Payment for jobs depends on your age, the demand for work in your area, how much competitors charge, and the going rate. For example, working in a well-known supermarket would tend to have a similar rate to other supermarkets, so Aldi pays £10.10 an hour, and so does ASDA. Event staff can get paid £10 an hour while waitressing can be anything from £5 an hour. Babysitting rates depend on where you live but could be as much as £10 an hour and as little as £4. For jobs that pay the most, stick to well-known restaurant chains and retailers over small independents.

 

Steps to help your teen get their first job 

 

Get them to look close to home

 

Working near your home has various benefits, especially if your teen has to start work early or finish late. It also avoids travel costs, which means they will make more in the long run.

 

See if they can ask for help at school

 

If your child’s school has a careers office, suggest they ask for help with how to approach businesses and ask for part-time vacancies. The department may even have an idea of which local businesses have vacancies.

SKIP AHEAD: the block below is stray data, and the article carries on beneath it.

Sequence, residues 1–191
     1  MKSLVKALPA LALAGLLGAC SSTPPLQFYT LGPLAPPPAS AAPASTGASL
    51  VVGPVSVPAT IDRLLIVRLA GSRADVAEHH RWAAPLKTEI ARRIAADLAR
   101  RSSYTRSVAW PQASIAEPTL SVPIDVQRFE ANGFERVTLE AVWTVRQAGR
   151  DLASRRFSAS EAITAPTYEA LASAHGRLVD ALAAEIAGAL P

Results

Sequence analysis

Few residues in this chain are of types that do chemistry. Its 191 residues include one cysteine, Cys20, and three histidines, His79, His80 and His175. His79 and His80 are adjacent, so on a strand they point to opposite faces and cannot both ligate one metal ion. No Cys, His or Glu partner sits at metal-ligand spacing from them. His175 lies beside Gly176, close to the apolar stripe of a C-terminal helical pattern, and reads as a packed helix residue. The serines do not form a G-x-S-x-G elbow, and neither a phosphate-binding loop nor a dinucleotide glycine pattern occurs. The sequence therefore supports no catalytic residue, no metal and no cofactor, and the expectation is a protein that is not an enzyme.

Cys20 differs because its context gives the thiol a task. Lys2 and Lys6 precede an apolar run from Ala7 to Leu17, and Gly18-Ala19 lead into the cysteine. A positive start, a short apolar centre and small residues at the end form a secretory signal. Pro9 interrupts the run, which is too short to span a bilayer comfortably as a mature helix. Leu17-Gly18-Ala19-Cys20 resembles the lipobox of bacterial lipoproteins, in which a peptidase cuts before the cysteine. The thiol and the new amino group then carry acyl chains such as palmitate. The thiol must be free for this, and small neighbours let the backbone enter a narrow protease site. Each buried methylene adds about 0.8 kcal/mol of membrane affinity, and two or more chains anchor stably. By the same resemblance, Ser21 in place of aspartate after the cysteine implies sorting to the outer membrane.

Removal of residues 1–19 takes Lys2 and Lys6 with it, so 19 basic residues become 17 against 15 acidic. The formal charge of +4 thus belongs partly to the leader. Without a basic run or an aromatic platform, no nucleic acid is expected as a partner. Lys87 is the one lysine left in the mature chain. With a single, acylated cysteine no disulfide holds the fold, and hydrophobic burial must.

Help your teen prepare a CV

 

For many part-time jobs, your teen will need to fill in an application and submit a CV. Many teens will need to gain knowledge of how to do this, so show them how to create a CV and fill in an application correctly.

 

Point them in the direction of job search sites

 

Certain job search sites have jobs for 16 year olds looking for part-time work (see StudentJobs and Indeed). Bear in mind that teens usually need help searching for work, understanding job descriptions and applying online.

 

Ask them to look at student apprenticeship programmes

 

If your teen is looking for full-time work, an apprenticeship programme may be right for them. Apprentices receive pay while learning how to become experts in a trade such as healthcare, food preparation/serving, manufacturing and public safety.

 

Tips to help your teen prepare for their first job 

 

Put teens in control of their work needs

 

Remind your teen that being ready for work means they need to be in control of all aspects of working, from punctuality to having a work uniform clean and ready, whether that’s one that’s been given to them or a type of clothing that they are expected to wear. 

 

Talk about the importance of being professional 

 

Discuss what it means to be professional at work, from listening to what you are told by someone in charge to being positive about work and respectfully talking to customers and colleagues.

 

Encourage them to stay committed